Jailed Catalan leaders could be freed as they face judge

A Supreme Court judge in Madrid began questioning separatist leaders Friday who were jailed pending a probe into their role in Catalonia’s independence drive, in what they hope could signal their release.

Any release on bail would mark a turn in the campaign for regional elections on December 21, particularly for separatist parties who have repeatedly accused Madrid of taking “political prisoners” and “repression” after their attempt to declare unilateral independence failed.

“State repression is the mobilising element of the independence movement right now,” said Oriol Bartomeus, politics professor at the Autonomous University of Barcelona.

“Once they no longer have political prisoners, they will have to change their campaign.”

Hoping for release

Catalonia’s sacked vice-president Oriol Junqueras was the first to be questioned by Judge Pablo Llarena of the Supreme Court — a meeting that lasted just 20 minutes, according to a court source.

Seven other former regional ministers and the leaders of two pro-independence civic associations are also due to appear before the judge, who has taken on the investigation into the Catalan leaders, most of whom are accused of rebellion, sedition and misuse of public funds.

Until last week, Spain’s National Court, which takes on major criminal cases, had been in charge of the case and and had sent Junqueras and his former ministers to jail pending the probe on November 2.

Before that, the two leaders of the pro-independence ANC and Omnium Cultural associations, Jordi Sanchez and Jordi Cuixart, had also been sent to prison by the same court.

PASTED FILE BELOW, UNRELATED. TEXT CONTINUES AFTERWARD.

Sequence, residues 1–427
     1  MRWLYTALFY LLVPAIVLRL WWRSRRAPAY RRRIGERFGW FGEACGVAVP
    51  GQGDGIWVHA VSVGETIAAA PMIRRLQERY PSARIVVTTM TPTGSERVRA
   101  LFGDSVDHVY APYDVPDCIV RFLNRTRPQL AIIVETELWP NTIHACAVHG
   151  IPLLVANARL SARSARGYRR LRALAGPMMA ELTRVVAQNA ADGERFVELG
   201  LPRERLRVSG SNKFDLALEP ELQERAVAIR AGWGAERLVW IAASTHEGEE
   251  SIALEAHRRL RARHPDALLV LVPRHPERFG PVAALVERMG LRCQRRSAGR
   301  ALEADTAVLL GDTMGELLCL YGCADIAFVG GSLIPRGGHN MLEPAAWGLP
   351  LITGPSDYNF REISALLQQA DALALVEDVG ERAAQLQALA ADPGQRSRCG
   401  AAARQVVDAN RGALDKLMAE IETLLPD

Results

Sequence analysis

However, Llarena of the Supreme Court decided the members of Catalonia’s parliament he had been investigating on similar charges could remain free as the probe continues.

Now he has taken on the probe of the other separatist leaders, they hope he will make the same decision for them.

Separatist movement divided

The jailing of separatist leaders has caused outrage in Catalonia, where pro-independence supporters have organised rallies and wear yellow ribbons as a sign of solidarity.

On Friday, Catalonia’s deposed president Carles Puigdemont, who fled to Belgium after the independence declaration, said he wanted them “home.”

“You should get out of prison because you never should have gone there. Do whatever you need to get out,” he tweeted.

Puigdemont and several other former regional ministers have remained in Belgium, where they await possible extradition to Spain.

Despite facing charges that could carry up to 30 years in jail, Puigdemont, Junqueras and the majority of the Catalan government that was sacked by Prime Minister Mariano Rajoy after the independence declaration will take part in regional elections.

But after the failure of declaring independence, they have not clarified how they will proceed if they win elections again like they did in September 2015 as part of a coalition.

The release of the separatist leaders could also revive tensions within the separatist bloc, particularly between Puigdemont and Junqueras — from a conservative and left-wing party respectively.

Unlike the 2015 elections, Puigdemont’s PDeCAT party and Junqueras’s ERC will not join forces as part of a coalition.

They are standing separately and competing to lead the independence movement.

“They are forcing independence supporters to choose between a jailed martyr vice-president or a president in exile,” said Gabriel Colome, a politics professor at the Autonomous University of Barcelona.

ERC is currently favourite to win the elections later this month according to opinion polls, which also predict separatist and anti-independence parties will be neck-and-neck.

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